Linda J. Richards AO, FAA, FAHMS, PhD

Chair, Department of Neuroscience and Edison Professor of Neuroscience


Research

Research in the Richards laboratory focuses on the development, plasticity, and function of long-range connections of the cerebral cortex. The corpus callosum is the largest fibre tract in the brain of placental mammals and connects neurons in each cortical hemisphere. We investigate how cellular and molecular/genetic mechanisms regulate brain wiring during development and how brain wiring is altered in congenital corpus callosum dysgenesis (CCD).

CCD occurs in 1:4000 people and can result in profound changes in the structural architecture of brain connectivity due to long-range axonal plasticity that occurs during development. The lab investigates the underlying causes of CCD, how long-range axonal plasticity occurs and how these structural changes in brain wiring impact cognition and behaviour.

Professor Richards is a board member of the International Research Consortium for the Corpus Callosum and Cerebral Connectivity (IRC5) and a scientific advisor and patron of Australian Disorders of the Corpus Callosum (AusDoCC) support group.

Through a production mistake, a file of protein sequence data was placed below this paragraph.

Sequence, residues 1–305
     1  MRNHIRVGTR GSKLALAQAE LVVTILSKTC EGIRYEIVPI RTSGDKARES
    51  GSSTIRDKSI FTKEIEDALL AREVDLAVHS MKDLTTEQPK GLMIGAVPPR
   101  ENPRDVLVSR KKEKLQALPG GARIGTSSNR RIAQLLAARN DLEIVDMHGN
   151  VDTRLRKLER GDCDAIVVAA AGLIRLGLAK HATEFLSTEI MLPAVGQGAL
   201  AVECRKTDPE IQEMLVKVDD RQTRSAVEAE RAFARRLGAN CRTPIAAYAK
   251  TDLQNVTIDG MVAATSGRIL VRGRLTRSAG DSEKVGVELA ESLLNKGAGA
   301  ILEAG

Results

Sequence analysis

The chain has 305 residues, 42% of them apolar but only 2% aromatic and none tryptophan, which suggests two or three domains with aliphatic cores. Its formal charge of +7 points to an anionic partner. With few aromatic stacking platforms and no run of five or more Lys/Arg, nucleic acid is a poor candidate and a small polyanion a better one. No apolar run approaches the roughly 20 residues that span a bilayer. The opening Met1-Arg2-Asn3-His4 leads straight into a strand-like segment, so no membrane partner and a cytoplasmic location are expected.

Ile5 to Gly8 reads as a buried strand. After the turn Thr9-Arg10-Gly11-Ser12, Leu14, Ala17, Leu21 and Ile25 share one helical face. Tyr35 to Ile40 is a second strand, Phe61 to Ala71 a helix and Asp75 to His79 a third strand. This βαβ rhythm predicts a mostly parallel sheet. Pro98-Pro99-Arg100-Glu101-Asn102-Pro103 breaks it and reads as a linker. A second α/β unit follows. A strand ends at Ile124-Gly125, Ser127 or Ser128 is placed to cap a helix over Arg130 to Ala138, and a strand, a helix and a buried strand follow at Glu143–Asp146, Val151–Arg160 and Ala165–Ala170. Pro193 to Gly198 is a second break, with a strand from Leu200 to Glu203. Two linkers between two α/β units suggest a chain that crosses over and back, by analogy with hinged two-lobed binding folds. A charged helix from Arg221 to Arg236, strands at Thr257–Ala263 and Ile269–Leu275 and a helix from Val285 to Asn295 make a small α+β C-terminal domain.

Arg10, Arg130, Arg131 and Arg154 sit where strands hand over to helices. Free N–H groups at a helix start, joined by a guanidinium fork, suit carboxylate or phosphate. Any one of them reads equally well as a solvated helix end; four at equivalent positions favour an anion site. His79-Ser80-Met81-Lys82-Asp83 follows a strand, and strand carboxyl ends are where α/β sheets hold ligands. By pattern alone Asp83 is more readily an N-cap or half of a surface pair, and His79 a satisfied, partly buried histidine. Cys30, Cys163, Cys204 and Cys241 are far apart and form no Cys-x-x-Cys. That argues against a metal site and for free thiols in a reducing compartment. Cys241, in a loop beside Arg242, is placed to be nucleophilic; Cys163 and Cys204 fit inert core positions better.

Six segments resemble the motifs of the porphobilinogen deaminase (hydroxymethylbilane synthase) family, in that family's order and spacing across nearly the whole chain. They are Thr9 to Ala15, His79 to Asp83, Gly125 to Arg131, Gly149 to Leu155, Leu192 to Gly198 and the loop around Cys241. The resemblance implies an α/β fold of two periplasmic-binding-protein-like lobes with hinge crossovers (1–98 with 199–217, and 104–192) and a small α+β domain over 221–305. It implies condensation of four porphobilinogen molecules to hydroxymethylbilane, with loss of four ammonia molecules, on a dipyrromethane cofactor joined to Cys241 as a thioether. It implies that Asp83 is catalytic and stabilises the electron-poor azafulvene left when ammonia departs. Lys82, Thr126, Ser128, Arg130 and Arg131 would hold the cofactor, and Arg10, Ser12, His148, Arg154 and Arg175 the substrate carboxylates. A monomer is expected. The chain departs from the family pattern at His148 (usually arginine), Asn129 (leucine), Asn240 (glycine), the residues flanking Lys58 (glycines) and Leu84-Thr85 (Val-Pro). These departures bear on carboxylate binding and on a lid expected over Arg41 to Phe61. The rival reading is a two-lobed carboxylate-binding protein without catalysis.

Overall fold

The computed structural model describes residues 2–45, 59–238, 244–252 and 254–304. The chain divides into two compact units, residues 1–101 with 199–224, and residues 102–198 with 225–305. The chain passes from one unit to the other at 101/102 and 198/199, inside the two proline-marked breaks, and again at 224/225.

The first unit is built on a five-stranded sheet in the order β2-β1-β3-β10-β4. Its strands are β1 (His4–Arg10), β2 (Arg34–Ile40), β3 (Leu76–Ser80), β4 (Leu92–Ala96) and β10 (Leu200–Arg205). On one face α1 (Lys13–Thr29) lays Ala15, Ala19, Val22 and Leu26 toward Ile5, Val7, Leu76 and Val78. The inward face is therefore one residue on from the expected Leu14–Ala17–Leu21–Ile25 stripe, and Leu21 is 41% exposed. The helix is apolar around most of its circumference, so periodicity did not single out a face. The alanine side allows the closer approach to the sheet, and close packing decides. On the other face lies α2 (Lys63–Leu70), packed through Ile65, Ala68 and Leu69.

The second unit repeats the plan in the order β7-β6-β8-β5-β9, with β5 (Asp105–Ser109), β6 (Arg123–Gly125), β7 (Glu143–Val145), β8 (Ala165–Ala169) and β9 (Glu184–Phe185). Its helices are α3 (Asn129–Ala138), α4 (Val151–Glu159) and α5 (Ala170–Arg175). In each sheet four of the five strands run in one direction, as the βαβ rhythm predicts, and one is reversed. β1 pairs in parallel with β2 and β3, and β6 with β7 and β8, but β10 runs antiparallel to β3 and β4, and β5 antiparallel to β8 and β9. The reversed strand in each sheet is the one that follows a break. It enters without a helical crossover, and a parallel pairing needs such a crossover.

In addition to her research, Professor Richards is a passionate advocate for neuroscience. She contributed to establishing the International Brain Initiative, the Australian Brain Alliance and the Australian Brain Bee Challenge and is a board member of the International Brain Bee and a member of the Dana Alliance for Brain Initiatives.


Selected publications


Publications in neuroscience advocacy

For a complete list of Dr. Richards’ publications visit PubMed.


Education

  • 1991-1994 Doctorate of Philosophy, The University of Melbourne
  • 1990 Bachelor of Science Degree (Honours), The University of Melbourne

Selected honors